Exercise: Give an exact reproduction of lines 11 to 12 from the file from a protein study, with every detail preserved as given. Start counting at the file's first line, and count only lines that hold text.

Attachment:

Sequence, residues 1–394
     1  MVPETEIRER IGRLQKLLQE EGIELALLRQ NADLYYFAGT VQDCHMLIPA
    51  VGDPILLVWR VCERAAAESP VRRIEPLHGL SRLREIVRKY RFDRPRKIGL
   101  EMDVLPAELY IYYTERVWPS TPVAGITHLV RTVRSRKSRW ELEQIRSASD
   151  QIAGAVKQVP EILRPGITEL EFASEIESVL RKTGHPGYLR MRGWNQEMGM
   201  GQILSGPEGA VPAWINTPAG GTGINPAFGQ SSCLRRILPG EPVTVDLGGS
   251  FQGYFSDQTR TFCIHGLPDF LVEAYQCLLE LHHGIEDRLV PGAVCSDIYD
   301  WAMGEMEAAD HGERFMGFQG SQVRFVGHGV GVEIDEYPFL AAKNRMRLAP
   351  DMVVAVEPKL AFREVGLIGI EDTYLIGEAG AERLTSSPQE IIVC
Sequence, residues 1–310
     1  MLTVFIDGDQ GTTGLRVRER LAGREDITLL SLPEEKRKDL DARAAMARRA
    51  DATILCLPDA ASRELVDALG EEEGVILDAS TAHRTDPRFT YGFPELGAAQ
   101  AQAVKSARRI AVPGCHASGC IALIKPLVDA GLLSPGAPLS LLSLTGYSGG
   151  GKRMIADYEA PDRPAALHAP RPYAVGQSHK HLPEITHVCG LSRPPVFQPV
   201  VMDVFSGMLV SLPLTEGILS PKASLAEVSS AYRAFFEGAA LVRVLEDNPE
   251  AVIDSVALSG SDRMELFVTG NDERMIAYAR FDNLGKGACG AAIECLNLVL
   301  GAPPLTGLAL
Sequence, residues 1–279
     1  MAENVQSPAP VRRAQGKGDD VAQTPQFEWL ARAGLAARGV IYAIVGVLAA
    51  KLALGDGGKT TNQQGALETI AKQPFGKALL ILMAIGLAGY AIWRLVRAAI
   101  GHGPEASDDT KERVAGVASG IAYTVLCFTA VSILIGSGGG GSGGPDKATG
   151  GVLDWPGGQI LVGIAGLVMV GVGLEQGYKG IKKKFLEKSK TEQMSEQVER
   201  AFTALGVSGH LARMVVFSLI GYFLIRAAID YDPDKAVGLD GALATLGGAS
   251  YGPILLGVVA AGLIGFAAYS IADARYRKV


     1  MLTVFIDGDQ GTTGLRVRER LAGREDITLL SLPEEKRKDL DARAAMARRA
    51  DATILCLPDA ASRELVDALG EEEGVILDAS TAHRTDPRFT YGFPELGAAQ